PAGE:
Use this URL to cite or link to this record in EThOS: http://ethos.bl.uk/OrderDetails.do?uin=uk.bl.ethos.600589
Title: Development and validation of a generic instrument for assessing the quality of decision-making
Author: Donelan, Ronan
Awarding Body: Cardiff University
Current Institution: Cardiff University
Date of Award: 2013
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Abstract:
Decision-making per se can be regarded as part art and part science in the development of new medicines. In the area of pharmaceutical development, decision-making plays a pivotal role in the continuation or the termination of further development or withdrawal of medicinal products. The decisions made at each stage have a direct impact on all stakeholders namely, pharmaceutical companies, regulators, payers and patients. What is lacking at present is a qualified understanding of the subjective decision-making approach, influences, behaviours and other factors which impact the decision-making of individuals and organisations involved in the delivery of new medicines. The aim of this study was, therefore, to develop and validate a generic instrument for appraising the quality of decision-making. Semi-structured interviews were carried out with 29 key decision-makers from the pharmaceutical industry, regulatory authorities and contract research organisations (CROs). They were invited to discuss all aspects, including their perception of decision-making and its role in drug development and regulatory review; decision making within their organisation; awareness and use of decision-making techniques; and impact and monitoring of decisions. Thematic analysis was carried out using NViVO 8 © software. A preliminary 94-item instrument was developed from the themes and the sub-themes that emerged from the interviews. Content validity was assessed using qualitative and quantitative data from an expert panel involving six key decision makers. A separate international cohort of 120 individuals working in the pharmaceutical industry, regulatory authority or CROs was recruited for factor analysis to reduce items. A further 78 individuals completed the final version of the QoDOS for construct validity and reliability. Most individuals interviewed were male (55% - n=16) and their level of experience ranged from 7 to 35 years. 32 themes and 90 sub-themes of aspects of decision-making were identified from the interviews. The median numbers of themes reported by experts was 6 (range = 1-10). The key themes included: quality and validity of the data; vii political, financial, competitor and reward influences; analytical and logical approach; overconfidence in own judgement; plunging in or procrastinating with decision-making; impact analysis of decisions; education and awareness of evolving decision-making techniques; and SWOT and alternate outcome planning. Relationships between the themes were identified. A 94-item generic instrument for assessing the quality of life decision-making, Quality of Decision-Making Orientation Scheme (QoDOS) ©, with a 5-point Likert response scale was developed. The content validity panel’s rating of each item on a 4-point scale for the 4 attributes showed “strongly agreed” or “agreed” (88%) with an ICC value of .89 (CI = 0.56 – 0.99) suggesting a high agreement between the panel members’ responses. This led to the reduction of 20 items and addition of two items as a result of cross-referencing with the qualitative data. Thus, the 76 items (version 2) emerged from content validation. Factor analysis produced a 47-item measure with four factors. The QoDOS showed high internal consistency (n = 120, Cronbach’s alpha = 0.89), high reproducibility (n = 20, ICC = 0.77) and a mean completion time of 10 minutes. 10 hallmarks of “Good Decision-Making Practice” (GDMP) were identified. The QoDOS is a valuable addition to the decision-making tool box of drug developers and regulators and has the potential to fill the missing gap of the entire process which is building quality into the lifecycle of medicine. The identification of ten hallmarks and generation of a framework for GDMP are also important contributions of this study to the field.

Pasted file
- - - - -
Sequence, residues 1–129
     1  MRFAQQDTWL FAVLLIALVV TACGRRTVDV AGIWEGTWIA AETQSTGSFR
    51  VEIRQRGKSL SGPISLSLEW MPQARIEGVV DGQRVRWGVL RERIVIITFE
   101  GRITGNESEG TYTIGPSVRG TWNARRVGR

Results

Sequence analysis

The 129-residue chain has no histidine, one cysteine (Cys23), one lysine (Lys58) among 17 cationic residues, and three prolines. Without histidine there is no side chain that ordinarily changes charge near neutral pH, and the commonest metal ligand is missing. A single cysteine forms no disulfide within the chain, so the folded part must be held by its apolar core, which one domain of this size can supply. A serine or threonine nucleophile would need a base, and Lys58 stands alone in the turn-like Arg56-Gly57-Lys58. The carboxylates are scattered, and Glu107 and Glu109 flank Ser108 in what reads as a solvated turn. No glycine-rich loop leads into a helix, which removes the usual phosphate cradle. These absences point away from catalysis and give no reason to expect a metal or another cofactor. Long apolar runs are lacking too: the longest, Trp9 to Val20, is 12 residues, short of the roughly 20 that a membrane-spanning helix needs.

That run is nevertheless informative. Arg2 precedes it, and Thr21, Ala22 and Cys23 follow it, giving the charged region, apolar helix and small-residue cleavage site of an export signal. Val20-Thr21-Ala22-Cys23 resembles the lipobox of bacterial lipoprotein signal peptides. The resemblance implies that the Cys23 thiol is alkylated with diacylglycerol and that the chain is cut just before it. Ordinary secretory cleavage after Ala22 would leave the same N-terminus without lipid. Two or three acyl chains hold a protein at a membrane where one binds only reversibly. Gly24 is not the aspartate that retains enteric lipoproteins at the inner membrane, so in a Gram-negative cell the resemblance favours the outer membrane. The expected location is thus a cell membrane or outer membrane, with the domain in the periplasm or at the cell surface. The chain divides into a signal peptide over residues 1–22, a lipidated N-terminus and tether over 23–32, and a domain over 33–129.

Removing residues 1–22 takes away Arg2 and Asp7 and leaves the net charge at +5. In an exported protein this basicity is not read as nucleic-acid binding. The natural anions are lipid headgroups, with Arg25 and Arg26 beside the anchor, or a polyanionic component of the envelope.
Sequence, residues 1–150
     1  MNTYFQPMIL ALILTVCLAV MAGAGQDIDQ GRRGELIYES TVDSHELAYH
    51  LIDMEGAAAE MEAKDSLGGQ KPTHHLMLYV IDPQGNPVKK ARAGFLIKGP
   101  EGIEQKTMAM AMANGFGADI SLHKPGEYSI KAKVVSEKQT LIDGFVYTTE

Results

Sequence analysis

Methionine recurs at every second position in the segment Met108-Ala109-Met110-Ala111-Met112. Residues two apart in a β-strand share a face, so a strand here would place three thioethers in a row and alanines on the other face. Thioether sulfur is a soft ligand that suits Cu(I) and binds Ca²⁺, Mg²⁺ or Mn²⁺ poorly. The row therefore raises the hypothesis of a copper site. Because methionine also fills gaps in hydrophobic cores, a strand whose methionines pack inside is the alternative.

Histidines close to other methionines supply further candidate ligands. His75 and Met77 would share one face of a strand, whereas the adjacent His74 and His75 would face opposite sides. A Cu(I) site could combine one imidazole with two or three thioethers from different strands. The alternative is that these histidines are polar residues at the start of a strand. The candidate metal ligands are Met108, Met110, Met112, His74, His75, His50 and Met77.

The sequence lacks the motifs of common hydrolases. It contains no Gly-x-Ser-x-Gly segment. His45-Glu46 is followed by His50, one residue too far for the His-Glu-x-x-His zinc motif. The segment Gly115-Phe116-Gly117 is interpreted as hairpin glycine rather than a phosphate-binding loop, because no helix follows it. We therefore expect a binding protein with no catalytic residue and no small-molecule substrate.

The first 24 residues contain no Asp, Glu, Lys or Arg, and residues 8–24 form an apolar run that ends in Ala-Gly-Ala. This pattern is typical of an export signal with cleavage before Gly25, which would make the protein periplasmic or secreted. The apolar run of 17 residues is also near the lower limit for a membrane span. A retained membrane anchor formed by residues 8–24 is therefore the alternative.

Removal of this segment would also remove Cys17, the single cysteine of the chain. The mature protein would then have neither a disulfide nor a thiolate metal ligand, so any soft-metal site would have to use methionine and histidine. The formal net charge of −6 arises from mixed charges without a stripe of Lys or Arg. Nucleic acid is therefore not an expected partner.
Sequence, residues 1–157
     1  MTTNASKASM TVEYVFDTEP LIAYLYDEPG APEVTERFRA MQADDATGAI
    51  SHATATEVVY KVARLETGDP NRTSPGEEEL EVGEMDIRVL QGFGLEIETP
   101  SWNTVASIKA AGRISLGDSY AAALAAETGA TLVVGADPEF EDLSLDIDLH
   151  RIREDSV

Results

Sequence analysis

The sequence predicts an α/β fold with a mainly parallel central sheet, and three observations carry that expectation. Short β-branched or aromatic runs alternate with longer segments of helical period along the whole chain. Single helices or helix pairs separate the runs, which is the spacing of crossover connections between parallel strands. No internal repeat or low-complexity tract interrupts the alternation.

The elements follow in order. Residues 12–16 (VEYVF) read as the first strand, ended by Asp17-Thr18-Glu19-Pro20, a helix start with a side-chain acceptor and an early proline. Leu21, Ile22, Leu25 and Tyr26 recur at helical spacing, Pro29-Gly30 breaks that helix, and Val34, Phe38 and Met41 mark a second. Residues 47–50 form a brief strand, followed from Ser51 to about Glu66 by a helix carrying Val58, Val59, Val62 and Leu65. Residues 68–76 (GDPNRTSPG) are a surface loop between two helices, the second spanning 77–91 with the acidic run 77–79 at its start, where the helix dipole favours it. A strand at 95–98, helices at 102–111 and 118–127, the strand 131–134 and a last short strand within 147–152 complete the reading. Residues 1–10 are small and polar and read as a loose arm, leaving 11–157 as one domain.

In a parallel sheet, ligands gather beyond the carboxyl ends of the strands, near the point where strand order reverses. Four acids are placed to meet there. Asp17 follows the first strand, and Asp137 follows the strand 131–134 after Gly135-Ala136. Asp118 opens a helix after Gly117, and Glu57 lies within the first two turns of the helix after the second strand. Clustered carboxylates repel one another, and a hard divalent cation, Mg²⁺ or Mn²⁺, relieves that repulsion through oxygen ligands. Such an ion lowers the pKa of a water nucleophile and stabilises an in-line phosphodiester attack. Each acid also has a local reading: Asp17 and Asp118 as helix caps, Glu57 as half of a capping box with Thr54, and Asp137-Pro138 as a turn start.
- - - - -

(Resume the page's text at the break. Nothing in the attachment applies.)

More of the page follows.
Supervisor: Not available Sponsor: Not available
Qualification Name: Thesis (Ph.D.) Qualification Level: Doctoral
EThOS ID: uk.bl.ethos.600589  DOI: Not available
Keywords: RS Pharmacy and materia medica
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